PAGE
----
Creating a land plot within SketchUp

As I’ve been learning SketchUp, while designing my own home, I’ve decided to make some videos about the things I learn. I was not familiar with getting a plot into SketchUp for the sake of making a site plan. So, I searched for some knowledge and learned a new skill. Cool Stuff!

I’m sharing here in case anyone comes to the forums searching for the same thing.

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Do not click in the box. Never click in the box. Sketchup is always listening for input. Let go of the mouse, type and hit return.
Teaching people to copy paste like is not a good thing. As you see it only works with weird gymnastics and only on Mac.
As to the rest of the plot, I don’t do geo location stuff often enough to be dogmatic on the subject, your plot may be the right size and shape, but it will not have correct shadows as you haven’t geolocated it or set the time offset. If you are using a default template you have basically created your plot in Boulder, Colorado.

Prior versions, at least on Mac, allowed the tab key to jump into the input box for pasting from the clipboard. Unfortunately, I’ve yet to find a way to simply paste as Cmd/Ctrl-V will not get the values into the input box - hence the workaround.

Regarding the Geo location…

My very next video is about using the Solar North plugin and setting the right UTC offset for the perfect shadow testing for solar gain assessment. This is an alternative method to setting the geolocation.

Loving the feedback! Have you considered extended versions of your brilliant gifs as YouTube videos? I’d love to make some as I’m sure I would learn a ton by making them. You’d be fully credited of course.

You definitely need to have the unit settings set to the format you are after. Otherwise you can’t check if the line as drawn is correct. However if you type in the line correctly SU will not prevent you from entering decimal lengths if you are in another units format.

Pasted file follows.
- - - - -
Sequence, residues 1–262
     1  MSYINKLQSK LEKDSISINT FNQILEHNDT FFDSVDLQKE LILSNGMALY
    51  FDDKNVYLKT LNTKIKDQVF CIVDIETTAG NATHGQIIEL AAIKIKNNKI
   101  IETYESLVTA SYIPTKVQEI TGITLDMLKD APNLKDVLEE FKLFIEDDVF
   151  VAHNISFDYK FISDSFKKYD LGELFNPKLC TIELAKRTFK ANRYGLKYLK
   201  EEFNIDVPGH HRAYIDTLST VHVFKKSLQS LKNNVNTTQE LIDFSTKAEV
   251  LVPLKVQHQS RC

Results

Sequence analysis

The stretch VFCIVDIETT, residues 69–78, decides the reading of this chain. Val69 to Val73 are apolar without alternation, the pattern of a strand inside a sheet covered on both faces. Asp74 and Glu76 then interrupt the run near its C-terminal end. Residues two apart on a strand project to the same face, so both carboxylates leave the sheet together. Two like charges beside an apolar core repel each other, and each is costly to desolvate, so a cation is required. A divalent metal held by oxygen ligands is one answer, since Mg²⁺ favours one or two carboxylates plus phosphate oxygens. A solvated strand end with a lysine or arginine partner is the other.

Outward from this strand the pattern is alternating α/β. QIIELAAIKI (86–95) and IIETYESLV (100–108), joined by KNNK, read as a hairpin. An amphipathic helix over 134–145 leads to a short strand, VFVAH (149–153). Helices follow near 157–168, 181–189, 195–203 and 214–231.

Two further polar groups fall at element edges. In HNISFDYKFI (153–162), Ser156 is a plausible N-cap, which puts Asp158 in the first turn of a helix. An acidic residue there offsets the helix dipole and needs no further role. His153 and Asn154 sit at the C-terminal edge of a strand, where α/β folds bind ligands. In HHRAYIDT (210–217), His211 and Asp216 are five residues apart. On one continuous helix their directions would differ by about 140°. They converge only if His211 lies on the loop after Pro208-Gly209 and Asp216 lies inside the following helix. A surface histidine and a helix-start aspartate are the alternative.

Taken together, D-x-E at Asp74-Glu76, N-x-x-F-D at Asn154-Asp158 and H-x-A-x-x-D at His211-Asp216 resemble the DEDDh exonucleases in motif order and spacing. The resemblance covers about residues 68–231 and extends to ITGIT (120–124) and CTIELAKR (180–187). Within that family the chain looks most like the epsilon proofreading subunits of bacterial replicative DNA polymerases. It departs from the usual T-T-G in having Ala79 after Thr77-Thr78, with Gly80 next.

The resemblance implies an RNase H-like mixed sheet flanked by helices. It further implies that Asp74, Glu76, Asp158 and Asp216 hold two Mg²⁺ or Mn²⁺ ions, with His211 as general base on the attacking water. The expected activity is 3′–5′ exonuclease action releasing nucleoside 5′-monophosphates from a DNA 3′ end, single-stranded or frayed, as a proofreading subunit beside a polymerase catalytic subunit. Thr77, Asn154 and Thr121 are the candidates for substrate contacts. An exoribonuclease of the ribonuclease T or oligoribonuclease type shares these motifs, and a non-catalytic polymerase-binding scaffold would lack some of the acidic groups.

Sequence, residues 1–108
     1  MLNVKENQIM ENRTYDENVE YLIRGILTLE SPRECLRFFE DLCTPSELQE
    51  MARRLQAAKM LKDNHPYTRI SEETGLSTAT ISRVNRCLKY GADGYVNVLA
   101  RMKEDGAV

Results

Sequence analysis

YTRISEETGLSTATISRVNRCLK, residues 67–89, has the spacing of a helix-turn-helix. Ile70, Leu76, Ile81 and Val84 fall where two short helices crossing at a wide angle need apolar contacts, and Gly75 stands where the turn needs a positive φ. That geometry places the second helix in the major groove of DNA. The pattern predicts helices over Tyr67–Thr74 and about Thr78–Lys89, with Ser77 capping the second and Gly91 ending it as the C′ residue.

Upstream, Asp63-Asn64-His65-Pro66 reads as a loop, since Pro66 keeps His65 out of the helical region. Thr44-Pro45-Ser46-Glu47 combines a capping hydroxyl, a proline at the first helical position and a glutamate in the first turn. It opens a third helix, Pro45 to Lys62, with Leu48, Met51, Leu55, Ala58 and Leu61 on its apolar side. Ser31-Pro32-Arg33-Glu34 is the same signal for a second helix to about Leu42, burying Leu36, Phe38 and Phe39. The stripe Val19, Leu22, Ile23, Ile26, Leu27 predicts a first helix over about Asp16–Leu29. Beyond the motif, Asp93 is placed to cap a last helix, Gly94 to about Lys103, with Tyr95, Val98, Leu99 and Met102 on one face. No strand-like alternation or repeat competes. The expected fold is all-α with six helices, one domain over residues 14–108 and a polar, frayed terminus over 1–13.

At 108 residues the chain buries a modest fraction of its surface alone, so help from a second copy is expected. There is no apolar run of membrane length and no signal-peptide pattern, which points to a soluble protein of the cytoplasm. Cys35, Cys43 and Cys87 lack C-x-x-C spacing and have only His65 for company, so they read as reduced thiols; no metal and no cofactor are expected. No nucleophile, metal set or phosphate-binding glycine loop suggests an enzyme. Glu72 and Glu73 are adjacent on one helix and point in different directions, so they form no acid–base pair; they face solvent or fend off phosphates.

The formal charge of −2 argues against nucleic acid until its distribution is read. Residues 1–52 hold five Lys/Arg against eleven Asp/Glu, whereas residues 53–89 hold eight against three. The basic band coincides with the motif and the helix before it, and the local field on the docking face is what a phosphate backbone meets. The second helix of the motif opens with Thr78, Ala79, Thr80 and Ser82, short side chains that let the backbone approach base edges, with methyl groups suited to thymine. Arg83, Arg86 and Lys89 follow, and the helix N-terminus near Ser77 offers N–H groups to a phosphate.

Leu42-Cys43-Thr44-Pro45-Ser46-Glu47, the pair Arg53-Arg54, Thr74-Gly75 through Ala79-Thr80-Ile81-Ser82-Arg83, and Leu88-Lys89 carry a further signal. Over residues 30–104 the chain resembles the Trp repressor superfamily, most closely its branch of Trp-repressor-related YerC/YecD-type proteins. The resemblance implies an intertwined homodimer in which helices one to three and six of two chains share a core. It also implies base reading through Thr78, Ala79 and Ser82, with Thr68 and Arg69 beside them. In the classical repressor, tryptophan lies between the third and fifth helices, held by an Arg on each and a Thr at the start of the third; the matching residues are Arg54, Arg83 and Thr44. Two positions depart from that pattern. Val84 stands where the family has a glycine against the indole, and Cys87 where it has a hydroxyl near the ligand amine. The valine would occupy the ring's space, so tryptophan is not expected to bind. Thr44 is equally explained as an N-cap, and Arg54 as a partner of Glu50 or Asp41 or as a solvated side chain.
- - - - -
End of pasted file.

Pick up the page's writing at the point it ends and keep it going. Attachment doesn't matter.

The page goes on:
That SU does not have bearings as an option for angles is a shame. CAD applications do.

In any case SU edges have no angular data, so once you’re done drawing. your drawing doesn’t know if it is up or down. No way to label or check the work.

This is a unique situation where you might click and paste in the box. MOST operation you should not click in the box at all. You don’t have to do anything weird —just start the rotation in the right direction then directly click in the box and paste. You’re right-- in 2019 I see you can TAB into the box.

IMO use the right tool for the job. Use a CAD application (or a surveyor’s CAD file) for accurate boundaries and then import it to SU. But I understand, you are showing the SU way from scratch. Some people may not have those resources.

There are extensions and plugins that will do this. The one I use is called SurveyTool from 2006. It works just fine in SketchUp 2021. A matter of a few seconds to plot the boundaries of our lot from the PDF of the sub-division plat.
Screenshot - 12_23_2021 , 7_23_59 AM

There are newer and fancier ones around.

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This was exactly my situation. I’m a SketchUp newbie and don’t use it professionally. My justification was that if I hired an architect I would spend 10’s of thousands so I told myself I could justify the cost of SketchUp since I was doing it myself.

And, funny enough, this is exactly what I did first. It’s how I got my actual plot into SketchUp when first starting out. I had used an extension that simply did it for me. But, being the consummate learner myself, I just couldn’t let it go that I didn’t truly understand how things worked. So I dug around and found out how northings and eastings worked in a plat survey and forced myself to learn. Now I get to share what I learned. Win - Win!

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Just released an associated video (I think) about using the Solar North plugin. At least this is how I started testing my model for solar gain. Pretty sure I got things right.

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I love your content! Great videos!!

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